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978-3-8439-3102-1, Reihe Strömungsmechanik
Particle-Resolved Analysis of Turbulent Multiphase Flow by a Cut-Cell Method
154 Seiten, Dissertation Rheinisch-Westfälische Technische Hochschule Aachen (2017), Softcover, A5
Turbulent flows interacting with dispersed particles are encountered in numerous technical and natural processes, such as pulverized fuel combustion, composite material production, pollutant transport in the atmosphere and hydrosphere, formation of ice crystals in clouds, blood flow, or the deposition of dust in the human airways. Although with the aid of modern supercomputers increasingly accurate predictions of complex turbulent suspensions could be realized in principle, the inadequacy or lack of particle and turbulence models lowers the significance of such simulations. To validate and to derive new modeling approaches, so-called particle-resolved simulations, in which the particle surfaces and the locally disturbed flow field in their vicinity are fully resolved, are ideally suited. In this thesis, this technique is applied to study the interaction of isotropic turbulence with particles whose diameter is on the order of the smallest eddies of the carrier flow.
A new numerical method for particle-resolved simulations is presented. The new scheme exhibits an accurate and robust discretization near moving boundaries, a strict conservation of mass, and a dynamic load balancing strategy for efficient parallel computing on dynamic meshes. Moreover, spurious force oscillations, which are inherent to this class of methods, are suppressed by the formulation of smoothed discretization operators. A new explicit Runge-Kutta time-stepping scheme is proposed which is highly efficient for fluid-structure interaction problems.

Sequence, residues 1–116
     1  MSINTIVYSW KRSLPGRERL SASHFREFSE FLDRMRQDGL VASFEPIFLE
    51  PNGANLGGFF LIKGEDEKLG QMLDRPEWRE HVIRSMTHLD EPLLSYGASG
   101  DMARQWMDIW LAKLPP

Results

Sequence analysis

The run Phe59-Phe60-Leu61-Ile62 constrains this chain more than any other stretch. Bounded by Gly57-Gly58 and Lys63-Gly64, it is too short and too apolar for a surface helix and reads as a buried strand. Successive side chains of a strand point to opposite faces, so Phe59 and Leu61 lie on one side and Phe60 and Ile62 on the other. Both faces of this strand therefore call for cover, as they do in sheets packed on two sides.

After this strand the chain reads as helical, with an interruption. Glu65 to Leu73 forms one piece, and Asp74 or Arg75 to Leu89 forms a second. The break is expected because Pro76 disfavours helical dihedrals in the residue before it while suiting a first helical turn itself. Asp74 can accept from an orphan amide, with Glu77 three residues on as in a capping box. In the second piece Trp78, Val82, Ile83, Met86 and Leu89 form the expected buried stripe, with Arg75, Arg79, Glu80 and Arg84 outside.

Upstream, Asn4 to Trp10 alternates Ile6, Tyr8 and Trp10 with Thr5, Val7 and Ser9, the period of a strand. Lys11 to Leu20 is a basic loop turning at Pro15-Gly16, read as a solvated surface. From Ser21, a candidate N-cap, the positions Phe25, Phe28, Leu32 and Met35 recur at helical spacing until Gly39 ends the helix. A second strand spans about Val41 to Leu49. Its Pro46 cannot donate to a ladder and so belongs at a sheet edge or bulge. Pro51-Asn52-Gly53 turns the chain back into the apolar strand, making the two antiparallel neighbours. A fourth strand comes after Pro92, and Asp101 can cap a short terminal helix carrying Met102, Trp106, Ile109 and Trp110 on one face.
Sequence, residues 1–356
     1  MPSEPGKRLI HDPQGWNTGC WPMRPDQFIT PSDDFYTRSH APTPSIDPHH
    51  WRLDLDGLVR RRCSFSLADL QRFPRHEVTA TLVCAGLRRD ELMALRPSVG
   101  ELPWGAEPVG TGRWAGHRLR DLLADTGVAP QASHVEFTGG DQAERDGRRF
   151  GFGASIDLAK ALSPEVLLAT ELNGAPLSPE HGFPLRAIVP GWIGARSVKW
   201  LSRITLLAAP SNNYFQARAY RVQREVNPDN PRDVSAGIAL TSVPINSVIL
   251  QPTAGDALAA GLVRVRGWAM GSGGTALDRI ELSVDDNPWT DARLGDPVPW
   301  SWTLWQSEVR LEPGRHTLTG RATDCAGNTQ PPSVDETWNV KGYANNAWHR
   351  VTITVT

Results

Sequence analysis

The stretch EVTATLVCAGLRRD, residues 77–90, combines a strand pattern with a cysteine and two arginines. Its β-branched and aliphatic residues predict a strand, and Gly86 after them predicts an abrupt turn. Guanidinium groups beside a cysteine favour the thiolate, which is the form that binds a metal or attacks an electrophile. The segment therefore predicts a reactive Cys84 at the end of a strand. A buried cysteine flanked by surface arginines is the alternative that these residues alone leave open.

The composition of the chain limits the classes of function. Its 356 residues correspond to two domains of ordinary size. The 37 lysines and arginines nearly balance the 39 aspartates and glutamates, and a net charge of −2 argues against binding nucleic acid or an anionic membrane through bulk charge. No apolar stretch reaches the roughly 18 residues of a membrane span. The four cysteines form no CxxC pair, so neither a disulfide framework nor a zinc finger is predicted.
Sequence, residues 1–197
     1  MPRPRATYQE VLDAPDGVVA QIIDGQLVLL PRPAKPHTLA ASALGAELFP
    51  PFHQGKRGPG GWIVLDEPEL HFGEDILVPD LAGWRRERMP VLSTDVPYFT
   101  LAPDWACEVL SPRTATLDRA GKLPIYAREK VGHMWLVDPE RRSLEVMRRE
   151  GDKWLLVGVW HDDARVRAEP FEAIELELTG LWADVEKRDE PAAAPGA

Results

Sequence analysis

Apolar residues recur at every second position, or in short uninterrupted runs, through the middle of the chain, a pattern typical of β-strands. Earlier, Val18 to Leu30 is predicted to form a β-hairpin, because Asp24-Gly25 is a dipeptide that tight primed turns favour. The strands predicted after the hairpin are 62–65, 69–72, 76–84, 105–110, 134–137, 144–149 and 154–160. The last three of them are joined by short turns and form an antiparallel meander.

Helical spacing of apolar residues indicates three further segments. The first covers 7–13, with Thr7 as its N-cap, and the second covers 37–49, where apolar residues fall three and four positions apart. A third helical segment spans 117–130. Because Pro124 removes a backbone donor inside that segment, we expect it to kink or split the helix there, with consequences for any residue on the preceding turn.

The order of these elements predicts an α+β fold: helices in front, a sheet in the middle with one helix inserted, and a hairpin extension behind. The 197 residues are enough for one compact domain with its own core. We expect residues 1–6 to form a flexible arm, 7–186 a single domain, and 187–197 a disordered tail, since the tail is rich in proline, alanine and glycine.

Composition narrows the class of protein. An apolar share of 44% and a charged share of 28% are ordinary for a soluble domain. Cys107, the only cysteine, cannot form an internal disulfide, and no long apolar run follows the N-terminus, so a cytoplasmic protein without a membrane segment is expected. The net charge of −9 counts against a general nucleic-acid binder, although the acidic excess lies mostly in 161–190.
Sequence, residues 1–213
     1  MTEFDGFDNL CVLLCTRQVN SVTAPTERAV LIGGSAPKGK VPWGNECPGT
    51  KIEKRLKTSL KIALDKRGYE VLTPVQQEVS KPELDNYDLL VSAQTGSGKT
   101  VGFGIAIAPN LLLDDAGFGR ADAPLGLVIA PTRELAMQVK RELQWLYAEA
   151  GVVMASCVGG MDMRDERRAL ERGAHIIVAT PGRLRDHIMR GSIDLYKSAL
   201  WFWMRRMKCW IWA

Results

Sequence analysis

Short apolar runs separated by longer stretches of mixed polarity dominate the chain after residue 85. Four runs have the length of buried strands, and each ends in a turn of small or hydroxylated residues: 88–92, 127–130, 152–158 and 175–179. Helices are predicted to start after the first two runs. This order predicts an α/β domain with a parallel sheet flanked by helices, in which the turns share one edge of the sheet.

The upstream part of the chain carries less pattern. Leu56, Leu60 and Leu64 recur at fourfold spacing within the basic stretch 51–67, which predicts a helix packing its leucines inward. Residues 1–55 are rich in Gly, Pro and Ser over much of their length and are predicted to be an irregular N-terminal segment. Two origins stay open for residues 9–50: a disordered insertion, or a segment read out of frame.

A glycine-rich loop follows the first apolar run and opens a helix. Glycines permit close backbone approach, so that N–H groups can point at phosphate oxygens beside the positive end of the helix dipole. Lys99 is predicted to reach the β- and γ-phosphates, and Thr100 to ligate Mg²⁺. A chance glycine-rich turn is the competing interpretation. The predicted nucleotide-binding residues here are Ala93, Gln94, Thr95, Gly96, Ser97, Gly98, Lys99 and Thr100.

The new numerical framework is used to study the interaction of decaying isotropic turbulence with tens of thousands of spherical and non-spherical particles. A detailed analysis of the budget of turbulent kinetic energy evidences the particles to absorb energy from the large scales of the carrier flow. The particles locally increase the level of dissipation due to the intense strain rate generated near the particle surfaces. An analytical expression for the instantaneous rate of viscous dissipation induced by each particle is derived from the conservation laws and verified numerically. Based on these findings, an improved model for the kinetic energy balance of the multiphase system is proposed. Finally, the accuracy of two state-of-the-art Lagrangian particle models, one derived for spherical and one for ellipsoidal particles, is assessed via a direct comparison with the results of the particle-resolved simulations.